The Wrong Skills

Companies might not be hiring the right people, even if they think they are.

I failed a tech interview today.

When I say fail, I mean truly failed. Of the three questions given in the interview’s coding challenge, I only solved one of them, and I certainly didn’t meet the various performance and operating constraints set by Codility. I earned a mere 13 percent on the exam, effectively barring me from joining the vetted freelance marketplace Toptal. Doh! [1]

You see, when it comes to mathematical or algorithmic questions, I’m a slow thinker. Problems that require me to contort math (such as calculating multiple values while iterating through an array) quickly drain me of energy. While I understand the concepts of algorithms and when to apply them, formulating them on the fly just isn’t one of my strengths (personally, I say that’s why we have Google).

That’s not to say I can’t solve algorithmic problems — given enough time I probably could have solved all three in the challenge. It’s just that solving questions like that is not my strong point. If you asked me to develop a system that was useful to users and made the company money — that I could do.I’m a builder, not a competitive programmer, and my skills reflect that. [2]

What skills does a successful competitive coder need?

A successful competitive coder’s main concern is to solve problems correctly, performantly, and as quickly as possible. Their skills involve deeply understanding many algorithms and data structures, understanding the performance considerations of algorithms and code (down to individual lines, if necessary), and being able to implement efficient algorithms.

What skills does a good software developer need?

A software developer doesn’t need the skills of a competitive programmer to be good at their job. It requires a different set of skills to build products. While there is plenty of debate about what make a good software developer, most don’t overlap with competitive programming skills. A good software developer is able to work well with others. They’re able to quickly learn new technologies and judge the appropriateness of their use. They write maintainable code and design usable, secure systems. They’re able to balance business goals and constraints with technology concerns, making tradeoffs where appropriate. They can constructively criticize as well as accept criticism.

That’s not to say that good software developers never have good competitive programming skills — many of them do. I’m not saying that competitive programming skills aren’t useful for software development. They can be useful in certain contexts (such as dealing with scale). I’m just arguing that most software developers rarely face situations in their work where those skills would be necessary to complete their tasks, and if they do, it’s usually in an untimed context with many more resources available to them. Whatever skills a software developer needs to succeed, most are not skills that a competitive programmer needs to succeed.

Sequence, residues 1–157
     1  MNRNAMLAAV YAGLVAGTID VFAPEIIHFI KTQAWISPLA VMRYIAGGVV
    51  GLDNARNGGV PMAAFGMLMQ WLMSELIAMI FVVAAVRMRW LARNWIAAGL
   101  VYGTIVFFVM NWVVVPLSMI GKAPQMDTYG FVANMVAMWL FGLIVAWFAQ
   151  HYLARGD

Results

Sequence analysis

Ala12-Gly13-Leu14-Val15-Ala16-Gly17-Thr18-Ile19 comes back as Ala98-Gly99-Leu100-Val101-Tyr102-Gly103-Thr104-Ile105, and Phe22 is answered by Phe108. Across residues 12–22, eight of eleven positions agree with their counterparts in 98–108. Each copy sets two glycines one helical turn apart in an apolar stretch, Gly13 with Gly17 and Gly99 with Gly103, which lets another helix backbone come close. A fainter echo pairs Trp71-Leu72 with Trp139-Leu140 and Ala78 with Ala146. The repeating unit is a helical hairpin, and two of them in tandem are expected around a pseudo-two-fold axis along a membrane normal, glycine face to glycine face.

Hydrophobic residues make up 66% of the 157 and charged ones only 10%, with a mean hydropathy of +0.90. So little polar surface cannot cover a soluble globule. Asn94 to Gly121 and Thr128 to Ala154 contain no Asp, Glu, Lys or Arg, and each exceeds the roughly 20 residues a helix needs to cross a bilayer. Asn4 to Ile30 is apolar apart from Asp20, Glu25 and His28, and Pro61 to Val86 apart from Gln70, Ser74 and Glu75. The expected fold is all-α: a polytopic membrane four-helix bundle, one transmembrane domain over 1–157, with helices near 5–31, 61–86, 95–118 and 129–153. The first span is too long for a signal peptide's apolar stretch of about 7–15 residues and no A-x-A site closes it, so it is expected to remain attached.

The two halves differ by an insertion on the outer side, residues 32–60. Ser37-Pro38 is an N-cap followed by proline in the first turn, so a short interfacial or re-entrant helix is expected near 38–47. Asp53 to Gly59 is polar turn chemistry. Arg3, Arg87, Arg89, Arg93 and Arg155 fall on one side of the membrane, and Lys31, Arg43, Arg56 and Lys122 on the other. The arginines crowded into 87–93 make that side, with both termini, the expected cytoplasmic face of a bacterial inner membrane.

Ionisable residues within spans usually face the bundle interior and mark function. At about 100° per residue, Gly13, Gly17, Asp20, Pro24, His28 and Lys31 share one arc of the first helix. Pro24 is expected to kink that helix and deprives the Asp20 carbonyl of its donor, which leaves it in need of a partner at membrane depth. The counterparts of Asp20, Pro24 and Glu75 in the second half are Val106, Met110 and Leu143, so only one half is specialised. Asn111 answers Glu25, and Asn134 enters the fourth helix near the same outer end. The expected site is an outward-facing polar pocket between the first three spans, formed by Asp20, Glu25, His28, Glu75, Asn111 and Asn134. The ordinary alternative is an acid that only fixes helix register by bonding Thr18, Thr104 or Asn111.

I think this is a problem.

Many companies today decide to hire or not hire based on tech interviews involving algorithmic, competitive programming questions. A candidate effectively needs the skills of a competitive programmer to succeed in the typical tech interview’s coding challenges, but many software developers haven’t been working on those skills — they’ve been busy building things and producing value. Their competitive programming skills may have atrophied, and, due to that, may do poorly in these tech interviews despite their knowledge and effectiveness. The skills needed to be a successful competitive programmer share only a small overlap with the skills needed to be a successful software developer.

Companies end up relying on coding challenges as a filter for hiring may be rejecting a lot of candidates who would otherwise excel in the role. Worse still, companies may be unknowingly filling their teams with competitive programmers who haven’t honed the skills needed to be good software developers. Big companies can absorb this cost with larger training runways and teams of specialists, but a startup looking to release their MVP, or a consulting company needing to build their client’s hopes and dreams simply can’t afford it. Companies justifying their use of coding challenges just because “Google does it” might be hiring the wrong people or unnecessary extending the search for qualified candidates — it doesn’t take tremendous algorithmic problem solving skills to create a lot of software.

What’s the solution?

I don’t know. I acknowledge this may be a case of sour grapes, and I might just be ranting about a perfectly working system. It’s being widely used for a reason — companies must be finding a certain level of success with it. However, I think they can do better. Many developers I’ve spoken to share my sentiments. Anecdotal? Maybe. At the very least I think it’s worth discussing.

I believe the tech interview is an industry-wide problem, and it’ll require an industry-wide solution. Some proposed solutions, such as a take-home project or paid pair programming work have been proposed, but they all have their benefits and drawbacks. Even if widely approved, any solution will take time to be adopted by companies.

In the mean time, I’m certainly not looking forward to my next tech interview.

[1] This is somewhat of a hyperbole — Toptal allows you to reapply in a month.
[2] When I interview a candidate’s tech skills, I usually ask them to code a basic function to ensure they can code (non-algorithmic), ask a couple simple questions about data structures, and go into discussing projects and concepts, design, practices, architecture, etc.


Originally published 2016/08/03 at jgefroh.com.